The Andrew Carnegie Medals for Excellence in Fiction and Nonfiction have been announced! Winners for 2016 are Viet Thanh Nguyen for his novel, The Sympathizer and Sally Mann for Hold Still: A Memoir with Photographs. You could also read Nguyen’s Year in Reading.
Fun fact: Up until the late 1940s, science fiction novels really didn’t exist. Andrew Liptak writes about the rise of the paperback novel and the evolution of science fiction for Kirkus Reviews. Pair with Nichole Bernier‘s Millions essay on “The Point of the Paperback.”
It’s time again for spring cleaning, as well as the more enjoyable spring reading. Scott Esposito at Conversational Reading is gearing up for Your Face This Spring, which will read the entire 1200 pages of Javier Marías‘s Your Face Tomorrow trilogy. And Big Other is orchestrating a group read of Flann O’Brien‘s At Swim-Two-Birds. After you finish a closet, open a book–both start next week.
Peter Menzel and Faith D’Aluisio photographed 30 families in 24 countries, each time surrounding their subjects with their weekly food purchases. Their work was collected in their What the World Eats photo album, but you can take a look at some of their pictures over here.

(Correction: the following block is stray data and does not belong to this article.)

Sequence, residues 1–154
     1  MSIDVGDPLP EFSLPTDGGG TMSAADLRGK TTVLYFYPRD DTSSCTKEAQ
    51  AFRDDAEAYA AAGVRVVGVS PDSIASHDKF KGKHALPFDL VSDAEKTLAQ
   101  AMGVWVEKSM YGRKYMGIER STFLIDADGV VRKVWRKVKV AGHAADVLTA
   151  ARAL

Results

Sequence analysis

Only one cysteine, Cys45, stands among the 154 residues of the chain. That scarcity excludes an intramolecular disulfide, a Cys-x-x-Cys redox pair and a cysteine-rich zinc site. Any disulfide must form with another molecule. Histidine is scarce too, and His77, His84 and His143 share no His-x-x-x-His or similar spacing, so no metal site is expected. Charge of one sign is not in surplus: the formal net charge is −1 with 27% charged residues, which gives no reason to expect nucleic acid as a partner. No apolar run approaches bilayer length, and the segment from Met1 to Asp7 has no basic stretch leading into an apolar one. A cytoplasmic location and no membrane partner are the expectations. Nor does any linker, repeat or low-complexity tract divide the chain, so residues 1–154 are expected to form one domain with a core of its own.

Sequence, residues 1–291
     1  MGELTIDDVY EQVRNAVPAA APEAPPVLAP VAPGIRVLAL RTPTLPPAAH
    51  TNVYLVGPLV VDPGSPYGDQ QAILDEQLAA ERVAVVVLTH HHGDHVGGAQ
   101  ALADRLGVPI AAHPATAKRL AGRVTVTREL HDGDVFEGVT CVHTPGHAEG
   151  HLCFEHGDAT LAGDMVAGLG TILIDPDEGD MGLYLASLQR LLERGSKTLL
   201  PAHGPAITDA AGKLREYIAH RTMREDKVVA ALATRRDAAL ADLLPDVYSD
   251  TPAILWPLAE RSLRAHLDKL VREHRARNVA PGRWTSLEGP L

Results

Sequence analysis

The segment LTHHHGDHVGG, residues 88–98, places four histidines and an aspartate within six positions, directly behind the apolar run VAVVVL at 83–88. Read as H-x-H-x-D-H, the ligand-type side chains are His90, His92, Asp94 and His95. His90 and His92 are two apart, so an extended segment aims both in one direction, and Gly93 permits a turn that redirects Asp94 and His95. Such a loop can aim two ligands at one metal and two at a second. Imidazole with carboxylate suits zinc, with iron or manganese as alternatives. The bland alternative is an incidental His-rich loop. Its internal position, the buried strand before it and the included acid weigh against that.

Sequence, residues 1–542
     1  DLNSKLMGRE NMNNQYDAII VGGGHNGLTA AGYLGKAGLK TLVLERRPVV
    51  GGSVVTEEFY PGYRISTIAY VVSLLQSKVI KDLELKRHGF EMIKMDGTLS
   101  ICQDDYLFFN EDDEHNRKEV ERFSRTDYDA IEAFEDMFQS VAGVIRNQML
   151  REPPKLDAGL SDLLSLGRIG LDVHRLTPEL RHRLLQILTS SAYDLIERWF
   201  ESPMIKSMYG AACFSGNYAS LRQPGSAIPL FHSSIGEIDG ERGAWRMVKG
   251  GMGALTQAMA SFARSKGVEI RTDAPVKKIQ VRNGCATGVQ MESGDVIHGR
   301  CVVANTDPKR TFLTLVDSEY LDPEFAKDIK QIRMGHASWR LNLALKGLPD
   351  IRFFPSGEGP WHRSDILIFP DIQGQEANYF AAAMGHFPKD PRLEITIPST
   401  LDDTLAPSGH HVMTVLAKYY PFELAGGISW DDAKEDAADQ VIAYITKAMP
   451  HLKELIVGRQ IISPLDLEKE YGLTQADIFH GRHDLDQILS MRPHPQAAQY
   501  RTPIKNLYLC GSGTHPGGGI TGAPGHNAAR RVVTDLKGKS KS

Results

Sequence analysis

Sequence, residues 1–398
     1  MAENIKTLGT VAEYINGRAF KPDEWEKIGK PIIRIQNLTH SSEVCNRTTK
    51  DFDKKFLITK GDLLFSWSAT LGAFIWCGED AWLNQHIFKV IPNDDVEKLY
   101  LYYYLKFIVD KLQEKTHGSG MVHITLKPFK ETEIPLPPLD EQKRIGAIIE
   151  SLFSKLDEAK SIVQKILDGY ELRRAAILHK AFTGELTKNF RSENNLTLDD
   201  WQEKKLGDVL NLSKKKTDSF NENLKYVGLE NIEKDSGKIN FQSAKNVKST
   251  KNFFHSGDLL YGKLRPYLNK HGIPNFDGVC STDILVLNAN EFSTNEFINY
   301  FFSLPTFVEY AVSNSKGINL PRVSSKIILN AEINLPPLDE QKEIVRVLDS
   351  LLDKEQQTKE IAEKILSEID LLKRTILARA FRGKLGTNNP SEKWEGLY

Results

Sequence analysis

We’ve covered the Atlantic series By Heart a number of times before. It features notable authors writing about their favorite passages. In the latest edition, Mary-Beth Hughes picks out a paragraph from Penelope Fitzgerald’s The Blue Flower, about a poet who’s trying to cope with grief. Sample quote: “Reading Fitzgerald, I felt it was possible to write as I’d experienced dancing.”
When you’re trying to keep up with the best new writers out there, it’s easy to forget the debt we owe to the classics. So let’s go back to the beginning: Why Homer Matters, a new book by Adam Nicholson on the father of all poets, explores the question of who Homer was, and whether or not he was even one person. You could also read Frank Kovarik on the parallels between The Odyssey and Toni Morrison’s Beloved.
A pair of big-name writers have new shorter-form ebook originals out. Stephen King’s Guns is a “pulls-no-punches essay” about gun violence in America, with all proceeds going to Brady Campaign to Prevent Gun Violence. Meanwhile, Richard Russo has a new novella, Nate in Venice.